Perhaps most outstanding though are some of the numbers coming out of the inexplicable entity that is North Korea. Until May 11, 2022, the total recorded number of cases coming out of the Hermit Kingdom was precisely zero. Then, no doubt due to some dirty foreigner, there was an explosion of cases (over 4.7 million in two months) before the virus was just as suddenly and inexplicably cured. Since the end of July, not a single case has been reported in North Korea. The impoverished nation’s mortality rate of 0.0015%, with 74 recorded deaths remains by far the world’s lowest (720 times better than the global average).
*While attempting to keep a subject as dull as statistical research as light and fluffy as possible, this writer has nothing against the people of these or any other countries. I’ve been to four of these five and would still love to visit Cuba one day.
Now to Africa! It would be a monumental and ultimately silly idea to attempt to condense a huge continent of 54 countries (Africa is much, much bigger than what we learned from those Mercator maps that somehow still exist today – you know, the ones that also make Greenland roughly the size of the moon – but I’m not getting into colonial politics here). The continent is home to 16.7 percent of the world’s people and growing RAPIDLY.
Sometimes we can learn a lot from what we don’t see, and Africa (yet again) is a good, if worrying example of that. According to the official statistics, only eight of these 54 nations make the unenviable list of the 100 countries (for cases). South Africa (#37) is the only African nation in the top 50. The others are Morocco (56), Tunisia (61), Egypt (89), Libya (90), Ethiopia (91), Kenya (99) and Zambia (100). All other African nations have registered less than Zambia’s 332,000 cases.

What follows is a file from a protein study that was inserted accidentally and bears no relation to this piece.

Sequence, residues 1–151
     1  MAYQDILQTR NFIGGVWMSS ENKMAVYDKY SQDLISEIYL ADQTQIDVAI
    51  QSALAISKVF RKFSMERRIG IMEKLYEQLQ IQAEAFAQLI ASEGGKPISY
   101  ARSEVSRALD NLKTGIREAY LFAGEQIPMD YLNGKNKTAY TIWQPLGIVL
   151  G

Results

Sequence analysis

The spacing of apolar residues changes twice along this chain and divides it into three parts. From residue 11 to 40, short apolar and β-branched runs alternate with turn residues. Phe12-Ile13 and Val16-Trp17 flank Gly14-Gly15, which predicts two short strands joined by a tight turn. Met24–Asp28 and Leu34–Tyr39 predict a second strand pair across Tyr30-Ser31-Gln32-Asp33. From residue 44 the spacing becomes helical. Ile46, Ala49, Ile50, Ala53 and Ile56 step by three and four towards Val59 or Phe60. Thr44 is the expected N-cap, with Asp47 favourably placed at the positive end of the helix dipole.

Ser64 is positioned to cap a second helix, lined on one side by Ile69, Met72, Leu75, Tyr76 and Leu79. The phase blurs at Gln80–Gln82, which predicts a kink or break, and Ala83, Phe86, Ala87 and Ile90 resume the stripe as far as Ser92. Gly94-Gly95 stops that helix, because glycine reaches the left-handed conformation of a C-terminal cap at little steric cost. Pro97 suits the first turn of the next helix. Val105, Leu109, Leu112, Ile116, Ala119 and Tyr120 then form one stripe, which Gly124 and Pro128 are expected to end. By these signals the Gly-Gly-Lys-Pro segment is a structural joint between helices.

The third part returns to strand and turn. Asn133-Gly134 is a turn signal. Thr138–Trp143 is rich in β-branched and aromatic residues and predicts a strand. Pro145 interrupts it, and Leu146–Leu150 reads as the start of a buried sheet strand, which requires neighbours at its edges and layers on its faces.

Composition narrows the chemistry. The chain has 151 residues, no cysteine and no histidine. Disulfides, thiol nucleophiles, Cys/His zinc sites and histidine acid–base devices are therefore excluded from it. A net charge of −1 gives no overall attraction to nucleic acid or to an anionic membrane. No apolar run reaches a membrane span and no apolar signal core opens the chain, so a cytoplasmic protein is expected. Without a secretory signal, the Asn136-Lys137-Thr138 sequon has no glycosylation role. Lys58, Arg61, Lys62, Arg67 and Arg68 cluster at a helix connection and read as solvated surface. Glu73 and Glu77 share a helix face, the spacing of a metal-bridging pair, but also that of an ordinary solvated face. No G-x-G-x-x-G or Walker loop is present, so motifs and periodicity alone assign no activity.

Combined, these eight countries have a population of 421 million people. They have registered 8.6 million COVID cases which, at 2% of the population is far lower than the global average. The mortality rate however, at 2.3% is more than double.
These figures above apply of course only to those eight countries with the highest recorded number of cases. Some other numbers also bear a bit of a look. Nigeria for example, one of the world’s most populous nations, has registered 263,000 cases, 0.04% of the world’s total or a tiny 1.6% of the global case average. The mortality rate is around the same as the global average, but Nigeria’s 3,148 registered COVID deaths from its population of 217 million equal just one death for every 69,000 people.
Some have pointed out the importance of recognizing demographic differences, such as the resilience of youth to COVID-19 (Nigerians over 65 comprise only 2.75% of the population, where the median age is 18.1 years – at the other end of this spectrum Japan shows very different COVID statistics) but these numbers still don’t add up. Nigeria has given 5.4 million COVID tests, enough for 2.5% of the population (if everyone received just one test, so the real numbers are far lower).